How to do it

Start your decluttering project small by choosing a drawer or a cabinet that you access frequently. Empty the drawer or cabinet of its contents and spread everything around. Determine how you want to use this space going forward, and start making decisions about each item you have in front of you. Ask yourself the following questions:

  • Do I use this?
  • Is this something I need for future reference?
  • Is this something I absolutely love?
  • Do I have space for it?

If you answer yes to any of those questions, either place the item back in the drawer/cabinet, or move it to a more suitable location. Remember the old adage, “a place for everything, and everything in its place.” If the answer to all of those questions is no, it’s time to get rid of the item. Please, donate or recycle when at all possible.

Another good starter project is to gather your photos and either scan and upload them to cloud-based storage, or place them in a carefully curated album. Avoid storing photos on CDs or flash drives as they have a short lifespan.

Once you have one or two small organisation projects under your belt (and you’ve ensured they don’t add to your stress) you can start thinking big. Draw up a plan for your home. What needs organising and when will you have an opportunity to get to it? Unless you have a large chunk of time available — or you just really enjoy organising — you’ll need to break each room into bite-sized projects. Instead of organising the whole kitchen, tackle a few cabinets at a time. This is one of the surest ways to be successful in your organising endeavour.

Dial up some entertainment

Television and movies can have an incredibly positive effect on our moods. A study published in Health Communication found that the more television women watched, the lower their cortisol levels were.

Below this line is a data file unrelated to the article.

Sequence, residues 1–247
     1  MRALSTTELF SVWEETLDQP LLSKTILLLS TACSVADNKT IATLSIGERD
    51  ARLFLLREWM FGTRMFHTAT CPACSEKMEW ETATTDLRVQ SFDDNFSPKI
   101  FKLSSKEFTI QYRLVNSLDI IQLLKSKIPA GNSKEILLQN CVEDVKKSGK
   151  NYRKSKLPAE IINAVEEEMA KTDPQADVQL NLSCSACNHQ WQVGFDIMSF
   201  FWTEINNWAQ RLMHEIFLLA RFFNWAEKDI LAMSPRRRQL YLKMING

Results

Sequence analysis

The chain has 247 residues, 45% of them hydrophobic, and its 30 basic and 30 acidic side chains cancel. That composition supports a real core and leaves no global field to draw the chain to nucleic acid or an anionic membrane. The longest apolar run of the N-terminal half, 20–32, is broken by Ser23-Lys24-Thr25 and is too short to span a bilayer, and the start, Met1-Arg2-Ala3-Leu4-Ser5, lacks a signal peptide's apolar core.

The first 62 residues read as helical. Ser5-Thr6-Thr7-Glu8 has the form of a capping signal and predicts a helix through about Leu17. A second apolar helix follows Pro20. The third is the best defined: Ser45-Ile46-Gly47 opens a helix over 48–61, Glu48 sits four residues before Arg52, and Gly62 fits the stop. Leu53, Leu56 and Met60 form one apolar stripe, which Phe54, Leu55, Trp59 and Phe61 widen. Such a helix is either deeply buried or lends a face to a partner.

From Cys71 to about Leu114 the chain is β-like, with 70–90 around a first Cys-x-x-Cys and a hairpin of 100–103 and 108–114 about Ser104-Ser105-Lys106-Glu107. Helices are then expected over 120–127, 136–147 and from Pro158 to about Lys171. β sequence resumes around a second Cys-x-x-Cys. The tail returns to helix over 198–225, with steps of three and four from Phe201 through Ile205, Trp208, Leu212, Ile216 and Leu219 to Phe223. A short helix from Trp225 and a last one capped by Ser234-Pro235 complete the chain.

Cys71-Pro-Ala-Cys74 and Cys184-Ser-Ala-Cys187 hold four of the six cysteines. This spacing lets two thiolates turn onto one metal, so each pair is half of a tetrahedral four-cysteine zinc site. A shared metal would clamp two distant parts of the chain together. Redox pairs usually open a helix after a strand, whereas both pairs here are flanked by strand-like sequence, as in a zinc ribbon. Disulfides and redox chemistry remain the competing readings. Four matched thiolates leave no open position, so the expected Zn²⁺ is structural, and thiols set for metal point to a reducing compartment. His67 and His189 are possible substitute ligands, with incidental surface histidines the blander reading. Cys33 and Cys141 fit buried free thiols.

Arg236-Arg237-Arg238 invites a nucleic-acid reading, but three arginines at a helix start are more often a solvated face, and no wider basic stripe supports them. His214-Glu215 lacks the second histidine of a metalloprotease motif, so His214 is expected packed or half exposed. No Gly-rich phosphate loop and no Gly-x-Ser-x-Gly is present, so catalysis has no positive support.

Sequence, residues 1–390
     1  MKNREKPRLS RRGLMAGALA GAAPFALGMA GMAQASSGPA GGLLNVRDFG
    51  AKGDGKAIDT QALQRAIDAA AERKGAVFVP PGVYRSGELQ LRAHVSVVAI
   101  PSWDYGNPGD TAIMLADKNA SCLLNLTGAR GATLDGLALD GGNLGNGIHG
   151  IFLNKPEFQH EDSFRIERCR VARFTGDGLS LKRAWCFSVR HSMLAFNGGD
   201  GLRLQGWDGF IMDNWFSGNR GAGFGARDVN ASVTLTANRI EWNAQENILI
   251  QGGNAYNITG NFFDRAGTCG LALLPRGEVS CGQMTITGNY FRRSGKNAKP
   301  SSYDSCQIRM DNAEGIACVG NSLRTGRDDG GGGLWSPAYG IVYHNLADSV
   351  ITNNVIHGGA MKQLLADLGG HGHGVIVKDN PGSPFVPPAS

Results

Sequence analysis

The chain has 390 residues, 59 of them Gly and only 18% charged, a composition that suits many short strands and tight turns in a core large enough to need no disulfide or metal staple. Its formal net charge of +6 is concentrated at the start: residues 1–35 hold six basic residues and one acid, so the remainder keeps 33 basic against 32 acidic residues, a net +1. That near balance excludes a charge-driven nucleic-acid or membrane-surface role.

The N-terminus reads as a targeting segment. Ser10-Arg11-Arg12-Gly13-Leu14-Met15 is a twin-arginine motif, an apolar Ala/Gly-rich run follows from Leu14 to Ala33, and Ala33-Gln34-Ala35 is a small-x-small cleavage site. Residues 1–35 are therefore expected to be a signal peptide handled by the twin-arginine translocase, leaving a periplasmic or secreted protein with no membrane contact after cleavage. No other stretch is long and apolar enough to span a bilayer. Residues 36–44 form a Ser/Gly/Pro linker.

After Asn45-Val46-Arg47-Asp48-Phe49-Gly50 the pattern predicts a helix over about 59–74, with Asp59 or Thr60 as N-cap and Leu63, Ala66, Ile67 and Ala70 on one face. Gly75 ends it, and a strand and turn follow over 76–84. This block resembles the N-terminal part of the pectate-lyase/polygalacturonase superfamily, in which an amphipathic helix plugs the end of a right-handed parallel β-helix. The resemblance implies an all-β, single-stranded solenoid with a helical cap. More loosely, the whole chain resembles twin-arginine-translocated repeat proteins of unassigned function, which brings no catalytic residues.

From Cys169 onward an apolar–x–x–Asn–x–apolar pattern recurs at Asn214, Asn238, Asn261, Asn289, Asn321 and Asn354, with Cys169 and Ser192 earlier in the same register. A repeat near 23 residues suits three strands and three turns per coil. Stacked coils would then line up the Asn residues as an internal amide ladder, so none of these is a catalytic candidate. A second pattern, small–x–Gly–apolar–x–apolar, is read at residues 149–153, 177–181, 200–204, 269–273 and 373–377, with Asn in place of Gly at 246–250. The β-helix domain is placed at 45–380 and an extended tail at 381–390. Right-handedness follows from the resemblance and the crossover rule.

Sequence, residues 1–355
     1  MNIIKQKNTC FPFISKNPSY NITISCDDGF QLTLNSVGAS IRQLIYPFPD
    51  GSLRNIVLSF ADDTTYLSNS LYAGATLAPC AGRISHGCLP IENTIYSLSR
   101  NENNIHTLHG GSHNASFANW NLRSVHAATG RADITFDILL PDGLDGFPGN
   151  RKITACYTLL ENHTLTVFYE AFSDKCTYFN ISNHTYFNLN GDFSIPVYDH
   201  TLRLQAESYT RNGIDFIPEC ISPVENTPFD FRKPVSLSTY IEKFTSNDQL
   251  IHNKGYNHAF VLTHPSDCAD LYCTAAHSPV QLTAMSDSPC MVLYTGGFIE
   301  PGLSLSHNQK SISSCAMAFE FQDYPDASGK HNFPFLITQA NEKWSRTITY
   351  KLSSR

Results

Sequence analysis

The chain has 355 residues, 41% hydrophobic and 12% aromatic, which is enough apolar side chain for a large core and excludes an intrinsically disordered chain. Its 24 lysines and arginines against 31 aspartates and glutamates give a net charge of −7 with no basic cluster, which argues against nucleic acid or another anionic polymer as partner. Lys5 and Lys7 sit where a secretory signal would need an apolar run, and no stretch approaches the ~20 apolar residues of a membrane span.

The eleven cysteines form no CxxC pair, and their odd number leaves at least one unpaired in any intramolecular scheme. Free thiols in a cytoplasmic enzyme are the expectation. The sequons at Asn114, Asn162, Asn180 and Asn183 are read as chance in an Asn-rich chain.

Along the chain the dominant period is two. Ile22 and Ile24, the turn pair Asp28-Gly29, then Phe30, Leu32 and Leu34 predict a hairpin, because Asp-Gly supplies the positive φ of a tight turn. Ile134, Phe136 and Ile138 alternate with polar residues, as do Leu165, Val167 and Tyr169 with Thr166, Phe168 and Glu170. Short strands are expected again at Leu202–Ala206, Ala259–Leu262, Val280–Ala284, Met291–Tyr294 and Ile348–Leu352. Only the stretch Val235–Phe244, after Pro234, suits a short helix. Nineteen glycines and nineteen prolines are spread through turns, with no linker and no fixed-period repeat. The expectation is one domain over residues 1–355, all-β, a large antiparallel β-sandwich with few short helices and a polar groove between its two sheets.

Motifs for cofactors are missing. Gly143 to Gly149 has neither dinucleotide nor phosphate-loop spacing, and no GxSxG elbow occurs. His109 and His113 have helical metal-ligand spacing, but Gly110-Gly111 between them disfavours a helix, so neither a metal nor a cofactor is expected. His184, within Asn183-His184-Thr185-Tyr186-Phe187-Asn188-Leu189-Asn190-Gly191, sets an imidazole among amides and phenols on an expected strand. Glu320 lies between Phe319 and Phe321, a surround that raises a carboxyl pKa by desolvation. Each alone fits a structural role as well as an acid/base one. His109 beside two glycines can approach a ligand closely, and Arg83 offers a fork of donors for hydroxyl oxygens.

What’s more, the type of shows we tune into can even help us regulate our thoughts and behaviour. A 2012 study revealed that re-watching favourite shows can help restore self-control. Familiar shows follow a predictable pattern that the brain interprets as safety and security. They also create a sense of social connection. We feel we actually know the characters, and that connection triggers the reward center of our brains. And if that favourite show is a comedy, it’s even better. Research has found that comedies activate the insular cortex and amygdala regions of the brain, helping to balance our moods.

Though distraction is a fantastic way to ease stress, it may not work in every situation. It’s important to know both your body and what best helps you relax. If you feel stress is taking over your life, it may be time to talk to a doctor or therapist. There’s no good substitute for professional help.

Liz Greene

Liz Greene

Liz Greene is a writer, anxiety-ridden realist, and full blown pop culture geek from the beautiful City of Trees, Boise, ID. When not stalking the aisles of her local Ulta, she can be found shoveling down sushi while discussing the merits of the latest Game of Thrones fan theories. You can follow her on Twitter @LizVGreene, or check out her latest post on Three Broke Bunnies.